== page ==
Latest: New paper on emerging infectious diseases in Mammal Review
We systematically review the literature on land use change and zoonotic diseases, highlighting the most prominent mammalian reservoirs and pathogens, and identifying avenues for future research. Find out more!
White & Razgour 2020, Mammal Review doi: 10.1111/mam.12201
Rebekah J. White
Hello, welcome! I am a biological sciences PhD candidate in the UK. I am currently studying the evolution & genetics of ageing and late-life disease using nematode worms. I also love nature, science communication, palaeontology, disease dynamics, Charles Darwin, cancer biology, tropical ecology, natural history... basically all biology and evolution topics!
"When life gives you fungus, make penicillin."
What am I working on right now?
I am looking for the genes that are associated with a disease in elderly Pristionchus nematodes (little worms), called 'cuticular blistering disease'. This disease is inherited, but scientists are not sure why.
Natural selection should remove bad traits, so why does any disease get passed down? Finding the genes that cause this will help us find out why almost all living things become ill as they get older. For more details on this, check out my Research.
If you are an Exeter BSc / MSci Biology or Natural Sciences student and interested in joining us in the lab for your dissertation, please get in contact!
Check out my interview for Martina Bodner's SciComm for Everyone: Women in STEM blog series! I talk about social media, my research, and advice to young people thinking of pursing a career in science.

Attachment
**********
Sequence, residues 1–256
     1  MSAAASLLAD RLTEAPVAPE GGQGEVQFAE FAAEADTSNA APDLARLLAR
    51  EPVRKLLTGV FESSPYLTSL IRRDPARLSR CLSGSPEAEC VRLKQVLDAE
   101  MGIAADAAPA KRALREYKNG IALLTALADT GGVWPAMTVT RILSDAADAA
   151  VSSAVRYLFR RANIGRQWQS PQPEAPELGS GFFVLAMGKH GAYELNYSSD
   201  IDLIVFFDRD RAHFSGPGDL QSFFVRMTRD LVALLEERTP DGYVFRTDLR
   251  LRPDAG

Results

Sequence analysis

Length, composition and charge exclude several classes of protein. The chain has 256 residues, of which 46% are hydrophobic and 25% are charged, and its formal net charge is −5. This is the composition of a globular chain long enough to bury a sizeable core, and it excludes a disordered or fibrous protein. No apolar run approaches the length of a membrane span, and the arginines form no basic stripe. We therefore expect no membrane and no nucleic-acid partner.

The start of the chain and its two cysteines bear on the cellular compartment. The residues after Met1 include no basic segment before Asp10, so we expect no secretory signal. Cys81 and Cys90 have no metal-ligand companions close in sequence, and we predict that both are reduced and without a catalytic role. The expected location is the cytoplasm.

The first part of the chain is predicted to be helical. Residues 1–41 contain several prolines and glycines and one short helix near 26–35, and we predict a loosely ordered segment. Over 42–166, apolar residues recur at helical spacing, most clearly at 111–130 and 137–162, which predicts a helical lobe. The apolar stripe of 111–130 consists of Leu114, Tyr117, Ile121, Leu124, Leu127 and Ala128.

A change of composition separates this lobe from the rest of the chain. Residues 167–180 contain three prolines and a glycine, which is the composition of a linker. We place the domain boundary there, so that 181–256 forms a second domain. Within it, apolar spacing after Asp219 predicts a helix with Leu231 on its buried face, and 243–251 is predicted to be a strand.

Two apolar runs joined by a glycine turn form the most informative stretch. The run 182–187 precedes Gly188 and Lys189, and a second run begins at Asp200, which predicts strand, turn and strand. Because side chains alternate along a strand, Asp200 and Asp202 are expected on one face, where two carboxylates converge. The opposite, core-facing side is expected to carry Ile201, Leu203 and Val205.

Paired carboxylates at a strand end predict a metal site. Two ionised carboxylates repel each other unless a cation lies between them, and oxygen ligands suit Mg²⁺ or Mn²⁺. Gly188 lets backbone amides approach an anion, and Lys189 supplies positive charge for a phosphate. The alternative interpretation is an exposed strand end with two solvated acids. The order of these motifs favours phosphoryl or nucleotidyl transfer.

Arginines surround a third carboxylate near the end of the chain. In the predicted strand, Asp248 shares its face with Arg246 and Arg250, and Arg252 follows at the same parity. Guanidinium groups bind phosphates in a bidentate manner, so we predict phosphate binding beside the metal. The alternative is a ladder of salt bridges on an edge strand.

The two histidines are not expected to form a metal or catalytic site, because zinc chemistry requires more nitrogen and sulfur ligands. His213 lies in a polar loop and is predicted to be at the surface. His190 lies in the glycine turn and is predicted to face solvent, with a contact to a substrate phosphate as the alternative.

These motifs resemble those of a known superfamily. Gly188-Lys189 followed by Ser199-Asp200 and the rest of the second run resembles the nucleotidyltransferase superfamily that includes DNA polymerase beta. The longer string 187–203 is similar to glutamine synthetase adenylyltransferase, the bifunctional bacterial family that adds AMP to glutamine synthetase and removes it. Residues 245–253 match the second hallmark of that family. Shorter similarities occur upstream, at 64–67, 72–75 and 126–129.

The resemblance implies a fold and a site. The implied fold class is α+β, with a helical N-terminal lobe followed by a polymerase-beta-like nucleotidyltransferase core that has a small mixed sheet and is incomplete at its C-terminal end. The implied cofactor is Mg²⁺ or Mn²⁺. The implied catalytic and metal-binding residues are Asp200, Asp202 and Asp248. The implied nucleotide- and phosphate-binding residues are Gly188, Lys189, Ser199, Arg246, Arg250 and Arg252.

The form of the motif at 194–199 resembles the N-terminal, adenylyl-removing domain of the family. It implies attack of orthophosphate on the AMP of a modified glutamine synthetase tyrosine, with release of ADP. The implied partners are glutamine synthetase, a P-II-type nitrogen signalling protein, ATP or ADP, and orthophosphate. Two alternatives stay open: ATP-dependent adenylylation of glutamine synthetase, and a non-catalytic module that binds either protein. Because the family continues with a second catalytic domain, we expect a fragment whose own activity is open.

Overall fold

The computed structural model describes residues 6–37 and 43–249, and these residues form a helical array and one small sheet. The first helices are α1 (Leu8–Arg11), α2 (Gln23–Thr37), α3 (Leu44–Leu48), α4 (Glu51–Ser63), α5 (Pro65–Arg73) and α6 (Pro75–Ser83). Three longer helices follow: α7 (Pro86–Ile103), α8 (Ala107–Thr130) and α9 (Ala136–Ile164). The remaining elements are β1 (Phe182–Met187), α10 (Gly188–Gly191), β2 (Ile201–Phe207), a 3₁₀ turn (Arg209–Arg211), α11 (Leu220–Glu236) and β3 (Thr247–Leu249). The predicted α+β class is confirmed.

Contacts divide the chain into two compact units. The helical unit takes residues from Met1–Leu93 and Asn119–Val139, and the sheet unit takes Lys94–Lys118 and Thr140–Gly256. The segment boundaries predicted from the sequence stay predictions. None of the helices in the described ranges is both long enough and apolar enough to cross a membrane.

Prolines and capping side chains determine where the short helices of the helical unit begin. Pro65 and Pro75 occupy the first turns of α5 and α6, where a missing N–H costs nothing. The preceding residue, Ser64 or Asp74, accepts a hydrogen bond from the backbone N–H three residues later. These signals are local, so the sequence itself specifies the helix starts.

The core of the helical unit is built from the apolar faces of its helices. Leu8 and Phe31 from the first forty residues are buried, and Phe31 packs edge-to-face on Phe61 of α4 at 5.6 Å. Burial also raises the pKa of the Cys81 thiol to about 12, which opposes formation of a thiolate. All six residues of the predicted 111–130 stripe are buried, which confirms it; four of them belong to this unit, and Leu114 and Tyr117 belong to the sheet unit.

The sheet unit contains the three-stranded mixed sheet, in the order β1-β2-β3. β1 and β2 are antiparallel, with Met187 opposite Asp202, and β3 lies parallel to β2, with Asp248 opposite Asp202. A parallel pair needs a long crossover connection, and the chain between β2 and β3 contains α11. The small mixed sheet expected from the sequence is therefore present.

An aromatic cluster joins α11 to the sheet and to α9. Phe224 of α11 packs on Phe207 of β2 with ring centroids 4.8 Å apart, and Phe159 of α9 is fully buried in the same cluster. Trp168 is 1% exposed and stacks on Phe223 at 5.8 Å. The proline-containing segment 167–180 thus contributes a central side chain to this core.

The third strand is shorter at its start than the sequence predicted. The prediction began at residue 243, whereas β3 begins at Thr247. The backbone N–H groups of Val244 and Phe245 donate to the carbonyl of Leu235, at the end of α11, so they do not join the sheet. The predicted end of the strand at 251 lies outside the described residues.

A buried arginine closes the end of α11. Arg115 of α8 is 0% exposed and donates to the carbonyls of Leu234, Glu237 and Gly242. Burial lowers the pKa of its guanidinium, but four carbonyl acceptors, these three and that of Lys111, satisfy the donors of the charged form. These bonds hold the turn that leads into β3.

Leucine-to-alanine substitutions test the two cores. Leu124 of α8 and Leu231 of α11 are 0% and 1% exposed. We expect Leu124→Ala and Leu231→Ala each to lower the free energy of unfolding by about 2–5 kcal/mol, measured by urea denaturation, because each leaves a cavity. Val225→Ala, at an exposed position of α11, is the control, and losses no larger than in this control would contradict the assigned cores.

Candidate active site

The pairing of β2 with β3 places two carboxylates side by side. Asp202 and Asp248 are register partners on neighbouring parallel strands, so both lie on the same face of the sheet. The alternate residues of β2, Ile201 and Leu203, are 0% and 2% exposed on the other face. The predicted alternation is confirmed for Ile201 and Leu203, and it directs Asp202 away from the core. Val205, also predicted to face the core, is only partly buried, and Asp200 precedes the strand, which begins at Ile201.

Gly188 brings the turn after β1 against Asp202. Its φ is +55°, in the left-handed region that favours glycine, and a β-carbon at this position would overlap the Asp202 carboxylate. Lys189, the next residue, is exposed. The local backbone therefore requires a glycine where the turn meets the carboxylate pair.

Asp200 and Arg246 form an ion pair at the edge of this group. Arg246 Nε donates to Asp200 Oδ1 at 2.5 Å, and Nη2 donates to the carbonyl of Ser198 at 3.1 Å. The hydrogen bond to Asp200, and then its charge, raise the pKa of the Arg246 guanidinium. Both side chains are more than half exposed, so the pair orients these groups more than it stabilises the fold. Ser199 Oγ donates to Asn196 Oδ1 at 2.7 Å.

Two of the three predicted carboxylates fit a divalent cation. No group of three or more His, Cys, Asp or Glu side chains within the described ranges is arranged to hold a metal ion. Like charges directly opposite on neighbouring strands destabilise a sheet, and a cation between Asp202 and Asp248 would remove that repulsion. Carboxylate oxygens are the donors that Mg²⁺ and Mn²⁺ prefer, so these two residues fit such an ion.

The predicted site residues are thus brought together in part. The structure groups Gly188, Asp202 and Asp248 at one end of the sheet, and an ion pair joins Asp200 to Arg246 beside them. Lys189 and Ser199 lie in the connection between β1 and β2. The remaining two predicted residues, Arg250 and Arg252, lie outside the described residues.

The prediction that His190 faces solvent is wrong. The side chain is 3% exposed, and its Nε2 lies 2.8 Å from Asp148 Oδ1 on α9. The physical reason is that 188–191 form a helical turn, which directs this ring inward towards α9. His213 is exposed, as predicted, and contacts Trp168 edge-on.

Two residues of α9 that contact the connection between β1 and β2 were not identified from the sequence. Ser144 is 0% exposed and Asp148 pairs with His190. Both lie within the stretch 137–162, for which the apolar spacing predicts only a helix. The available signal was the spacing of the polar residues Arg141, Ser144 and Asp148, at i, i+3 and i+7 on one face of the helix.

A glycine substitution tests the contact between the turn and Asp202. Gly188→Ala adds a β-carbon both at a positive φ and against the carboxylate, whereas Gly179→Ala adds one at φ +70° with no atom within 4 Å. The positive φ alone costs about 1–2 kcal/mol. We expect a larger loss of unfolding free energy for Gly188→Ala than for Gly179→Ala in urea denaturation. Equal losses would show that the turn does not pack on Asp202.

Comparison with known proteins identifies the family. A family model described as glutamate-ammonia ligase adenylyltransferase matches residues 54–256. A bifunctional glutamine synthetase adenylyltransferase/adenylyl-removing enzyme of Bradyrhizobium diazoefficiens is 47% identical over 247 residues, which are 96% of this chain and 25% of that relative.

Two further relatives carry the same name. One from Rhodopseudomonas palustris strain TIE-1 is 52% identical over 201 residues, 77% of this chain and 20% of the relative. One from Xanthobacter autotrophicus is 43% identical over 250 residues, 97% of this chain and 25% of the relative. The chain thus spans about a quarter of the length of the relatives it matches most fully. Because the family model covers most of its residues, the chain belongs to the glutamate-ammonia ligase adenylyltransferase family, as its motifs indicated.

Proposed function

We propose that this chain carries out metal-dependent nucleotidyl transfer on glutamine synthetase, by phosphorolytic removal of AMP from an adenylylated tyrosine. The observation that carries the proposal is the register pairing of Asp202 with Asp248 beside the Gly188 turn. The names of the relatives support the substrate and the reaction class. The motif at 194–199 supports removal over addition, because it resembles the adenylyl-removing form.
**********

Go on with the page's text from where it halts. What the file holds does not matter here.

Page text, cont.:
Scientists and the pandemic
Firstly - I am still able to answer emails, and will be presenting at virtual conferences instead of in person. As we started making the transition into working from home, myself and other scientists spoke with HelloBio about the current impacts of the pandemic on life science research.
"I put my stock nematodes into storage, dropped my experimental crosses into the biological waste bins, and sprayed down my bench for the last time in a while. Yes, I did apologise to the nematodes as the petri dishes fell from my hands, and I do feel sad that I cannot see this experiment through right now…. However, I have been growing increasingly worried about higher-risk friends and family, so while I am sure it was a tough decision for many, closing is for the best.” Read the full article here!
Do you have a life sciences PhD, but don't work in academia?
Do you love your job? We want to hear from you! At University of Exeter Postgraduate Life Science Society, we are looking for speakers for our upcoming virtual seminar series, Life After Your PhD. This aims to enlighten PhD researchers at Exeter about alternative careers outside of academia. Please get in contact if you are interested, or know someone who might be!
The Inheritable Diseases that May Make You Fitter...
Also known as antagonistic pleiotropy, one of the underlying theories of my thesis.
Confused? Watch my talk at Topic and Chat!
The second series has started. If you would like to present your research or attend, get in touch with @bioroom2 on Twitter. See you there!